While the practice of architecture and design requires innovation, experience and technical knowledge, it should not require the arcane practice of mind reading.
Whether you are building your dream home. a small residential project or a large-scale development, a comprehensive design brief for your architect is the cornerstone of achieving what you set out to accomplish.
Providing clear directives at the onset ensures the concept is well understood. It streamlines design development, saves money in redrafts and minimizes changes once construction starts.
Change orders are the most common way construction goes over budget, so it is well worth the hours spent drawing up your project while it is still on the architect's drawing table.
Starting from scratch can be a daunting task, so let's walk through some steps. Write down your objectives, whether is it a four bedroom, three-bathroom house with a pool or a 40-unit upscale villa project. Then list in detail what the design characteristics are, such as a general style and key themes or elements.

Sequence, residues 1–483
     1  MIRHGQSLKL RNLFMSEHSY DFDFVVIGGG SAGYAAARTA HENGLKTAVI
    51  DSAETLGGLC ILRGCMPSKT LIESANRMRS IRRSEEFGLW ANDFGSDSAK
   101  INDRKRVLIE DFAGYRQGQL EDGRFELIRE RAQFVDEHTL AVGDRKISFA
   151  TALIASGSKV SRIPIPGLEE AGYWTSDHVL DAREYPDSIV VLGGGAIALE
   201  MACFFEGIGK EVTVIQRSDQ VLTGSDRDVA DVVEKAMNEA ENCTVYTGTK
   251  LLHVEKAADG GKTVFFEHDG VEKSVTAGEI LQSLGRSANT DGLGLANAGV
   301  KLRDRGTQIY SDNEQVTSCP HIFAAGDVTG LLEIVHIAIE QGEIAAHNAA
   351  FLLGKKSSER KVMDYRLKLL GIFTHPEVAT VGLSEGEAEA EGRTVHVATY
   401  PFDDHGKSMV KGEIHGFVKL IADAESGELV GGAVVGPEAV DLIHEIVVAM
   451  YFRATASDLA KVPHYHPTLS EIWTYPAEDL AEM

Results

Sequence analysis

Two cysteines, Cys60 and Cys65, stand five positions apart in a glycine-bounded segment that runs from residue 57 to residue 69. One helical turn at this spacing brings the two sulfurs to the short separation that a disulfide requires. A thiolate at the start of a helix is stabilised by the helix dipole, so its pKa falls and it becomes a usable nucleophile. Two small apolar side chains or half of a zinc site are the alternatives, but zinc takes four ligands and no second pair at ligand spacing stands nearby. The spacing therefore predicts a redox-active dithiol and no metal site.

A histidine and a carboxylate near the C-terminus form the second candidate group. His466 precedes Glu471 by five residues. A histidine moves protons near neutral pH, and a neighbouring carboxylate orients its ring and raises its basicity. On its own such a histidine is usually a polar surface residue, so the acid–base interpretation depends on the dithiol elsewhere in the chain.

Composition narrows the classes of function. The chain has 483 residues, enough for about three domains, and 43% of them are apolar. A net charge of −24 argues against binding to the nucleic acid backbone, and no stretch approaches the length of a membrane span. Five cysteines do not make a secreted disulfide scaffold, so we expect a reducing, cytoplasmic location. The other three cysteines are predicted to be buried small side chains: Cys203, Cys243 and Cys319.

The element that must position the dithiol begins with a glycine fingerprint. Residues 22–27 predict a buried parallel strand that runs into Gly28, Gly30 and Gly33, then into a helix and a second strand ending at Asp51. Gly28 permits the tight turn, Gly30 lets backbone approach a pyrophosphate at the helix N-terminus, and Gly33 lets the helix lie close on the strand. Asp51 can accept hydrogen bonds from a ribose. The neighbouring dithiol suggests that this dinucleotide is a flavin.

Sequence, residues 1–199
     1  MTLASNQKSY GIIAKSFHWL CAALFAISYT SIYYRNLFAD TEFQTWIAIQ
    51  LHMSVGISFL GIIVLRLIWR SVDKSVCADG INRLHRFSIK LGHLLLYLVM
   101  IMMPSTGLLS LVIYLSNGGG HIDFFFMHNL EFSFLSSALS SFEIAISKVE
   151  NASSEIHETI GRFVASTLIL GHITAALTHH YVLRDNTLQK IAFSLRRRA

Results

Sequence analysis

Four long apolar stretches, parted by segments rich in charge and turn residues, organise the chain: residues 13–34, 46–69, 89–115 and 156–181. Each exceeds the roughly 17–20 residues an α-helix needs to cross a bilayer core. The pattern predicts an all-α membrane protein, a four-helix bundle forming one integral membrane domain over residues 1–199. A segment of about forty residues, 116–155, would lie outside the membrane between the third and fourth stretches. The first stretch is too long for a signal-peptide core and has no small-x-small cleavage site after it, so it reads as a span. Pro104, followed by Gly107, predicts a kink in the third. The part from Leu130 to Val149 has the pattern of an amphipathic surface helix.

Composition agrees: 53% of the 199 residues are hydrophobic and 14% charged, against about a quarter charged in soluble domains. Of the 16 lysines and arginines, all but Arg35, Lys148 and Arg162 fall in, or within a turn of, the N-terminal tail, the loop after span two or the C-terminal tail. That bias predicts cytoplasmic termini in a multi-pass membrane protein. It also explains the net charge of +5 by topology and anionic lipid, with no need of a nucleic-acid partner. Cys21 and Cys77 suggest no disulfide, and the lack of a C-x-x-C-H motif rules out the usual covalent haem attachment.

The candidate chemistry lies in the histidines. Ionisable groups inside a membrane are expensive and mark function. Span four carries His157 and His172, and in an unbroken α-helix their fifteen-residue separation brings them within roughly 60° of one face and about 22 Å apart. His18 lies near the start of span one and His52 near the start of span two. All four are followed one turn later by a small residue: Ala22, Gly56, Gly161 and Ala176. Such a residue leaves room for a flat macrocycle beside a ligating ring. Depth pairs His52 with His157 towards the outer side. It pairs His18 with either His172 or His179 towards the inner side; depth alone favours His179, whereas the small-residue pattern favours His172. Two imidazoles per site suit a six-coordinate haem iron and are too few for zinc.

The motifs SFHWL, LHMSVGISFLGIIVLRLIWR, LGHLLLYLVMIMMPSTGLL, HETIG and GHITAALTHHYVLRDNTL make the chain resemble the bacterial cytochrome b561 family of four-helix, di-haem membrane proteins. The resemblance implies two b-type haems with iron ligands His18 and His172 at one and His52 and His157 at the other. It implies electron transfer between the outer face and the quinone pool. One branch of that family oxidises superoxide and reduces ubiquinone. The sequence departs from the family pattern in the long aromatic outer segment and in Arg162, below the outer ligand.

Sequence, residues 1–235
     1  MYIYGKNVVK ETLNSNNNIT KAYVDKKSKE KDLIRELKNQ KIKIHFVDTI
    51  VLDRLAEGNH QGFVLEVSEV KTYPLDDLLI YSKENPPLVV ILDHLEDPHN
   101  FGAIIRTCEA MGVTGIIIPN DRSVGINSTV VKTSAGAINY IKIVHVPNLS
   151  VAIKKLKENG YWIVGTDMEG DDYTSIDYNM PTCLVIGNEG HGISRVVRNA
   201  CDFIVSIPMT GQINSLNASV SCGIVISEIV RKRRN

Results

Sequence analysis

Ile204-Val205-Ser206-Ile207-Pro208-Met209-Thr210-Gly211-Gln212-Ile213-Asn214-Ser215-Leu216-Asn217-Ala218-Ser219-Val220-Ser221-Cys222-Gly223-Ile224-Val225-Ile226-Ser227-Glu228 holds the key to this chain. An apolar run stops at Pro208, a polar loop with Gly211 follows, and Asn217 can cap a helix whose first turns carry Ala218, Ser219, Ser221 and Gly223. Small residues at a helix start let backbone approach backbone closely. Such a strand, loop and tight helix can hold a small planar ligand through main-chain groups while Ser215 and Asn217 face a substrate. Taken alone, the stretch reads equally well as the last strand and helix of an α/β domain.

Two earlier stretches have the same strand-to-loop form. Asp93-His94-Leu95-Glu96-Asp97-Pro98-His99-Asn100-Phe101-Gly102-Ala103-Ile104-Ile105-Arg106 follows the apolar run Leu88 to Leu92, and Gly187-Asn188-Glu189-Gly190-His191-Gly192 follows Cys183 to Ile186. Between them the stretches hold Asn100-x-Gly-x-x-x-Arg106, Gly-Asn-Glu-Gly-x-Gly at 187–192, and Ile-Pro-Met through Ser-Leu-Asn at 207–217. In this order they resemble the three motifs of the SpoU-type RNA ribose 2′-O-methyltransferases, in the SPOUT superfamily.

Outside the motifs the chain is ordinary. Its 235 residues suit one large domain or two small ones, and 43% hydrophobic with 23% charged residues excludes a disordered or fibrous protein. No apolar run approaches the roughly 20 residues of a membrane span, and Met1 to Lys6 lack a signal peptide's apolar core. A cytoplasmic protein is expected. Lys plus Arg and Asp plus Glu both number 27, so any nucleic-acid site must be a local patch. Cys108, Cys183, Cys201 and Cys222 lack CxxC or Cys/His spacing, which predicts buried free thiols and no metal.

List some references or benchmarks of designs you like or even small signature items from other projects. This allows a broad understanding of expectations while giving the designer leeway to innovate.
For private homes, provide a profile of who will use the property. Will it be for a young family of four or an older couple ? What are their likes, dislikes and special needs. For residential development, create an anticipated customer profile, including key characteristics of the buyers or end users. One key rule of architecture is that form follow function so understanding who you are designing for greatly affects the plans.
With that in mind it's important to do a site analysis from the ground up. Don't focus only on the land on which you will build, also look at the access, views, infrasture and usage of the surrounding land.
Let's say you have a wonderful view and the land in front of you could be sold